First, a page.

A national association representing sexuality educators and therapists has issued a position statement concluding that the classification of problematic sexual behaviors as an addiction is not supported by science. Leaders in the American Association of Sexuality Educators, Counselors and Therapists (AASECT) go on to say that the treatment methods employed by professionals who use the sex addiction construct are not sufficiently informed by knowledge of sexuality, and that the sex addiction label often makes problem behaviors more difficult to address.
Authors of the AASECT statement stress that they by no means are questioning the existence of problematic sexual behaviors in individuals, and add that there could be a time in the future when research evidence will point to an addictive process in the brain that resembles that for substance addiction. But in the present, they say, too many professionals have been eager to affix an addiction label to behaviors simply because they consider them too frequent or perhaps even aberrant.
“Terming a high-frequency behavior as an addiction on its face doesn't make sense,” statement co-author Russell Stambaugh, PhD, a Michigan-based psychologist in private practice, tells Addiction Professional. “Context matters.”
Some have interpreted the AASECT position statement as an attack against practitioners in organizations such as the International Institute of Trauma and Addiction Professionals (IITAP), which among its functions offers professional certification for sex addiction therapists.
The Association of Partners of Sex Addicts Trauma Specialists has issued a response aimed at its “recovery family and friends,” stating in part, “If the reality of out of control sexual behaviors (sex addiction) and betrayal trauma were part of your history, I would imagine that reading this professional organization's statement brings about much confusion, fear, uncertainty, and maybe anger. You may fear you won't be able to find the help you need or that you will be marginalized or pathologized when you seek help from those who may not take sex addiction and betrayal trauma seriously.”
But in interviews with Addiction Professional, Stambaugh and one of his AASECT statement co-authors, California-based sexual health author and psychotherapist Douglas Braun-Harvey, LMFT, state that while there might be several valid reasons why the sex addiction label gets used, scientific evidence is not driving this. As one example, Braun-Harvey cites a situation in which a partner has an unconventional sexual interest and this is discovered in an activity that then threatens the relationship.
“The solution is to call the erotic interest a sex addiction so that it can be abstained from,” Braun-Harvey says. “The addiction label allows the partner to take back their power.”
This of course is not the first time a professional organization has chosen not to affix an addiction-like label on problematic sexual behavior. After much consideration, the American Psychiatric Association (APA) did not include “hypersexual disorder” in the fifth edition of the Diagnostic and Statistical Manual of Mental Disorders (DSM-5). Braun-Harvey believes the AASECT position statement might have a greater impact, because while physicians have been split on the addiction issue, now there is an organization representing educators that is saying the addiction construct doesn't hold up scientifically.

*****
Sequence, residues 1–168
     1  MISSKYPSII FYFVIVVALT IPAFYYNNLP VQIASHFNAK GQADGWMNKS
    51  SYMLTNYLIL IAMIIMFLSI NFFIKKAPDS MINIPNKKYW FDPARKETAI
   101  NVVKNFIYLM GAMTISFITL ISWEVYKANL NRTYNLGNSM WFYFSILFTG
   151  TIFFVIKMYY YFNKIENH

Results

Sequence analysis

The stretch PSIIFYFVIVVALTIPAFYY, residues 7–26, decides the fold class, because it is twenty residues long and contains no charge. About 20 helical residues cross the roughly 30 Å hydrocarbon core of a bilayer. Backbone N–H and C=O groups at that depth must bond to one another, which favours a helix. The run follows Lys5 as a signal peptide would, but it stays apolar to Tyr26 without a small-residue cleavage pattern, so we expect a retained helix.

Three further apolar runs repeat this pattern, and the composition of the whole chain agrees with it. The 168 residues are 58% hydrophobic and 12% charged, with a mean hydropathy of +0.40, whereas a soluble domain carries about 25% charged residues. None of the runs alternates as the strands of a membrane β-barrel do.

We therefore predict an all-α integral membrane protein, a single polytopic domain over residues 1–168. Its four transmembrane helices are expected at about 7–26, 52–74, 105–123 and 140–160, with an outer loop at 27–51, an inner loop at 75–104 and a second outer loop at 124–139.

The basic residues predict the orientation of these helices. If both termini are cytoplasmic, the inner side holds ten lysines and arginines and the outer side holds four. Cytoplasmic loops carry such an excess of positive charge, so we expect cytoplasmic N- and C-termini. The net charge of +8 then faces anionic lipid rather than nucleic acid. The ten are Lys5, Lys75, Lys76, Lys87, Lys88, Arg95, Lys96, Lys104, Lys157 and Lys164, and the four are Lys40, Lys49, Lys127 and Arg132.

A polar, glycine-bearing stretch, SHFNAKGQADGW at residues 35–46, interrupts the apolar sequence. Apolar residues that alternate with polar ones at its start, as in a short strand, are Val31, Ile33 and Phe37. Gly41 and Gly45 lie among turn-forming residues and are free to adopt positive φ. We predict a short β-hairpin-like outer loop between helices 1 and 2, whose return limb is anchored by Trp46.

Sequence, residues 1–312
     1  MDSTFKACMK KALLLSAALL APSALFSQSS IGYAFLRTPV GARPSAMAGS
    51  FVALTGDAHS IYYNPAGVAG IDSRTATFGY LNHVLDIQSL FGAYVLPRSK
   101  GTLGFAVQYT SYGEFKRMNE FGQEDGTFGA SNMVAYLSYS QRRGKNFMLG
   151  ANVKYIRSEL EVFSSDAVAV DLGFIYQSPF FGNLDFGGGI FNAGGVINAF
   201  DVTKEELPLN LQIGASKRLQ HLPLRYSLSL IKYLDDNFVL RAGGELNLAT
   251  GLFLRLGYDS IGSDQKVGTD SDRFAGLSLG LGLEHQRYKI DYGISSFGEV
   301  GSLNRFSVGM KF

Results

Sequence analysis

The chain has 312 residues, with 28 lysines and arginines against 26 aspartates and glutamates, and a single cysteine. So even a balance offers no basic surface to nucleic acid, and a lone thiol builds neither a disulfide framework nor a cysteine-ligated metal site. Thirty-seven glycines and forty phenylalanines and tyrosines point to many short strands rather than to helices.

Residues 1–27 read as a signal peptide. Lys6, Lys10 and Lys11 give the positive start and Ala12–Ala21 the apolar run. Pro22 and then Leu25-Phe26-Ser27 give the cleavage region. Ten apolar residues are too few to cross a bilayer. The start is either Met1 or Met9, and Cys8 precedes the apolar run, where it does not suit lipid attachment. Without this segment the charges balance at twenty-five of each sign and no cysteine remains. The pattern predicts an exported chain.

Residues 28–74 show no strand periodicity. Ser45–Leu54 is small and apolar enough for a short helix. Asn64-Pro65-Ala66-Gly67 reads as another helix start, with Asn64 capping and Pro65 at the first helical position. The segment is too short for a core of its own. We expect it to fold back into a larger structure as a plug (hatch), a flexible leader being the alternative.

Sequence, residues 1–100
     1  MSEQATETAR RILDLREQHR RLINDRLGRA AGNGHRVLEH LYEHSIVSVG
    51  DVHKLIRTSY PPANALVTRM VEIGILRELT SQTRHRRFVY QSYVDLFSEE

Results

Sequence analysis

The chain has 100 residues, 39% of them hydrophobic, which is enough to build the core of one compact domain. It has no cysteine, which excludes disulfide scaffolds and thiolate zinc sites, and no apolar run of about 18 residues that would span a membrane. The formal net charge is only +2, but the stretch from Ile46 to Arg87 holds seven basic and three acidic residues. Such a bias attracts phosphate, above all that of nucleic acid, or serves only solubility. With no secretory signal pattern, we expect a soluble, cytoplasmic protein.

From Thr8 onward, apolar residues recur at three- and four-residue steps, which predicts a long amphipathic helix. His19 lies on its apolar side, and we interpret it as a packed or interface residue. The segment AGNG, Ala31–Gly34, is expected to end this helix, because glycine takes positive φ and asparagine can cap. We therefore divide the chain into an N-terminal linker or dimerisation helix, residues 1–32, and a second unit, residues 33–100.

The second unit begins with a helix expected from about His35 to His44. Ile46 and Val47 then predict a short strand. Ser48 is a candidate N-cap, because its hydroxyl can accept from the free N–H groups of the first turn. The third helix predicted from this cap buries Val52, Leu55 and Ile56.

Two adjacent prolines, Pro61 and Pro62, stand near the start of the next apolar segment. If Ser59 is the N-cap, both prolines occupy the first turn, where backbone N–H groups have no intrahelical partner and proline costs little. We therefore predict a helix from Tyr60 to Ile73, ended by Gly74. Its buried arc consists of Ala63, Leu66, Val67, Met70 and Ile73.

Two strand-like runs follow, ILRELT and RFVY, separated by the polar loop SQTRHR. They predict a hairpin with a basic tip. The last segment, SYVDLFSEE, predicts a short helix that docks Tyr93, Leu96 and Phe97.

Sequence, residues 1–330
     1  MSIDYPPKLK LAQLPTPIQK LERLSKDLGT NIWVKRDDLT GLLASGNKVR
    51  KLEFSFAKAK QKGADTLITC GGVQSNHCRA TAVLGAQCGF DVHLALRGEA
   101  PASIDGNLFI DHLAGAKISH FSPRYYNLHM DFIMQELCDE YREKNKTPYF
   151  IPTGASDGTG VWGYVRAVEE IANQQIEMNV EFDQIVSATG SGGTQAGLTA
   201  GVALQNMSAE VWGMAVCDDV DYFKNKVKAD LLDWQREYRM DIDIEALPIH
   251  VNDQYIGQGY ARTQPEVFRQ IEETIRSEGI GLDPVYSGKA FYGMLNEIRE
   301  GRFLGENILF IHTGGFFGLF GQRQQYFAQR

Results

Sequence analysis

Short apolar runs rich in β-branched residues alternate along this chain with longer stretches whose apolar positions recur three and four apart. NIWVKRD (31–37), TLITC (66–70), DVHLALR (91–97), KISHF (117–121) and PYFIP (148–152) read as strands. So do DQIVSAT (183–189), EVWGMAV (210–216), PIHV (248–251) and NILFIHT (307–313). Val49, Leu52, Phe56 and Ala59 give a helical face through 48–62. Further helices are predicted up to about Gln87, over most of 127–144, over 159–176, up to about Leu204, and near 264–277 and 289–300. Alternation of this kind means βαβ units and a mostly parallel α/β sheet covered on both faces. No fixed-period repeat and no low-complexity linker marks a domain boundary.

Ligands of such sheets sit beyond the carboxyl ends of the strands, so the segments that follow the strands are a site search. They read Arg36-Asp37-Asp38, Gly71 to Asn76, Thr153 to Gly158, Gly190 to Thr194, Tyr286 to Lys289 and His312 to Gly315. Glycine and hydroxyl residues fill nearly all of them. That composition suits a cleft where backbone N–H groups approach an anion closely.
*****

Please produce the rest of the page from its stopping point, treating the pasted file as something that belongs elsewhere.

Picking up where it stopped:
Research will have to do more than show that neuropathways are involved in problematic sexual behavior, since a variety of behaviors that fall short of addictions have a neurobiological component, Stambaugh says.
Origin of statement
Both Stambaugh and Braun-Harvey say AASECT has been considering the need for a position statement on sex addiction for some time. They cited numerous developments that helped to fuel the move:
A decision by the association's continuing education committee not to certify sex addiction trainings that did not meet educational requirements for human sexuality coursework.
The proceedings of a summer forum in which participants discussed sexual health approaches to out-of-control sexual behaviors. Braun-Harvey says that some sex addiction therapists who participated came to understand that their field requires considerably more training in human sexuality.
Recent efforts by some conservative groups to target the wide use of pornography. “Pornography is not a real public health crisis,” says Stambaugh, in the manner of a lack of access to sexual health services, for example. “That doesn't mean that some people don't have an individual porn problem.”
Braun-Harvey believes it is often more accurate to see these issues as conflicts rather than pathologies, as many individuals experience legitimate internal conflicts between their belief system and their desires/behaviors. “We don't do 'erotic-ectomies' here,” he says.
David J. Ley, PhD, a clinical psychologist and author of the 2012 book The Myth of Sex Addiction, says AASECT's position statement “represents a very significant ethical commitment toward patient well-being.”
Ley adds, “By prioritizing the importance of sexual health, AASECT begins to significantly protect people having normal, healthy aspects of sexual behavior treated as a disease. Unfortunately, this is extremely common, usually because the therapist has no training [in] sexuality, and has been inundated by the pop psychology adoption of the sex addiction concept to describe any sexual behavior that causes a problem for someone (including the therapist).”